It must sound really odd to anyone coming to the old stuff now, where it's all now or going to be in the near future reprinted (with most of it having beeen done multiple times) that there was a slight sense of, for want of a better word, danger, about the Titan books.

They were never about being comprehensive, they were started as a Furman vanity project that just grew and grew and there was real tension over whether we'd get everything reprinted or not (and frustration over what was missing as the idea of their being another series of reprint books down the line seemed insane). "We'll never have Man of Iron in book form!". Now I have more Man of Iron than I know what to do with.

Denyer
2013-06-28, 10:49 PM
the sheer excitment at realising I wasn't the only person who remembered those comics I still had rotting on top of my bookcase had me ejaculating nearly as much as James Roberts does.
You heard the inadvertent but libellous accusation of sex addiction here first, folks.

Still no IDW G2 books, unless I've missed something. Still missing some fairly key annual stories such as State Games, Peace, etc. and the charmingly throwaway Ghosts and other stuff. On the one hand I don't care as much... on the other, my copies of the annuals are more worn than I remember, and a collectible "complete" G2 volume with the Joes issues also present would be nice. They've got both licenses, after all.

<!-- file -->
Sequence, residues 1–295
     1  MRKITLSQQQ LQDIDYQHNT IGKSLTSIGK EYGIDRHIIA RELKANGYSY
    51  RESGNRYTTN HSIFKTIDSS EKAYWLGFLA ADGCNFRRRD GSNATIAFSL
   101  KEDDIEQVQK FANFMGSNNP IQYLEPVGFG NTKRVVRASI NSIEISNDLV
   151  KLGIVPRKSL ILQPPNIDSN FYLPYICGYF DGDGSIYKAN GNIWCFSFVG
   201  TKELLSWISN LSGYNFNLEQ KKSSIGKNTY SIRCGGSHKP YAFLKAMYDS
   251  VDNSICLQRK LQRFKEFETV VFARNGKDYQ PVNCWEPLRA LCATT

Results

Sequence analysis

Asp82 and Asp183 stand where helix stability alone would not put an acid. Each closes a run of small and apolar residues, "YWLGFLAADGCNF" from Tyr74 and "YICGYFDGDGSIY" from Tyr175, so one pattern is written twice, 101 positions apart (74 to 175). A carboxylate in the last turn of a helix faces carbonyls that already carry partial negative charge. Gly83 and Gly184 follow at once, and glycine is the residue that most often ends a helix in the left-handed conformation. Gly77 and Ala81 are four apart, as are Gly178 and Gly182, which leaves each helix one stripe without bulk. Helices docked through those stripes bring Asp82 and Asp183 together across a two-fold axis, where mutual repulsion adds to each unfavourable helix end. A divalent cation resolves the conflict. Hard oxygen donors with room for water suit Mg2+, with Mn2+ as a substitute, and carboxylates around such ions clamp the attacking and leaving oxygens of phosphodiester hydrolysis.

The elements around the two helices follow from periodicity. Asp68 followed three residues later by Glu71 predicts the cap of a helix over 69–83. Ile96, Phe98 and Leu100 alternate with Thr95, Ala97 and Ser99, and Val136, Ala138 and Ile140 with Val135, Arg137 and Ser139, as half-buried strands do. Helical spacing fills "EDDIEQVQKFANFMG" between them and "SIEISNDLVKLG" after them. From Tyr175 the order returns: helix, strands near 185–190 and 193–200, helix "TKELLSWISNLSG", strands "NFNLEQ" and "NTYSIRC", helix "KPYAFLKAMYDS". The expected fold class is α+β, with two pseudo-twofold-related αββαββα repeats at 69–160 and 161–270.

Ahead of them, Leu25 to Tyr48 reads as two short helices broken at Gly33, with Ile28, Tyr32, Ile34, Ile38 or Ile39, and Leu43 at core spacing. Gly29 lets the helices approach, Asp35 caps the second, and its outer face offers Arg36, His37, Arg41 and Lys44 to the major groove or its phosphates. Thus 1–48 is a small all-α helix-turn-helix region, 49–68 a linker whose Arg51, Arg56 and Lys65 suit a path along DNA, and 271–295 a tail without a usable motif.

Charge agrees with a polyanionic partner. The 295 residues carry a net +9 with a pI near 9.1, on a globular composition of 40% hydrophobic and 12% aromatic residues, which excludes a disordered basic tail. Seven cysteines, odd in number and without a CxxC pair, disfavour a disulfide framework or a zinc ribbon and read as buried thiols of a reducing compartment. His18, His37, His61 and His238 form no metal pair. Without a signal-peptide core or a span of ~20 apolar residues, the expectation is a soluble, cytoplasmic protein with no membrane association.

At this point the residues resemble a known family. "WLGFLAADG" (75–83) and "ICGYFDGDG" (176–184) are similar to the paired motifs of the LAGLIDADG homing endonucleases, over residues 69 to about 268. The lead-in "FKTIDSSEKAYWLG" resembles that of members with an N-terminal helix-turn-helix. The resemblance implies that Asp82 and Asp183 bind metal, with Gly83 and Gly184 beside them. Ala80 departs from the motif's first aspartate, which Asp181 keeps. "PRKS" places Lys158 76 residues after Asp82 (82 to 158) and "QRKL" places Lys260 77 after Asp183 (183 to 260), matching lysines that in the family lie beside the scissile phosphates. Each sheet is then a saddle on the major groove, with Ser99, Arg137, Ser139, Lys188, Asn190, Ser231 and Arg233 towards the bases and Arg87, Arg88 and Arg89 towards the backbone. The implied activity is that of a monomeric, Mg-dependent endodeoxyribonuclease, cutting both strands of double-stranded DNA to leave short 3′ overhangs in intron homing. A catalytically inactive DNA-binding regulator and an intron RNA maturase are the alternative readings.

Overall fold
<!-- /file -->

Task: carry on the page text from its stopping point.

inflatable dalek
2013-06-29, 01:33 AM
I come from a more innocent age where all it took was a comic. These days fans need Megan Fox legs akimbo to get them going.

Assuming IDW don't go tits up the current run of UK and US classics should mop up everything G1 that's never been collected before (as I understand it the last American book is even going to add the profiles frrom the later issues to Universe). I'd have thought the most logical step after that would be a big G2 book with Ghosts as well, but I suppose it depends on how much they don't want to show up Reg.

Mind, even though the IDW run is more complete my poison of choice for the American series remains the Titan harbacks. Luuuuvley.

Skyquake87
2013-06-29, 05:33 AM
If IDW do a Universe reprint with the late G1 profiles from the old Marvel book and a complete G2 - with the Joe lead in and Ghosts- I will be in like a shot for those.

I do still like my Titan collections though.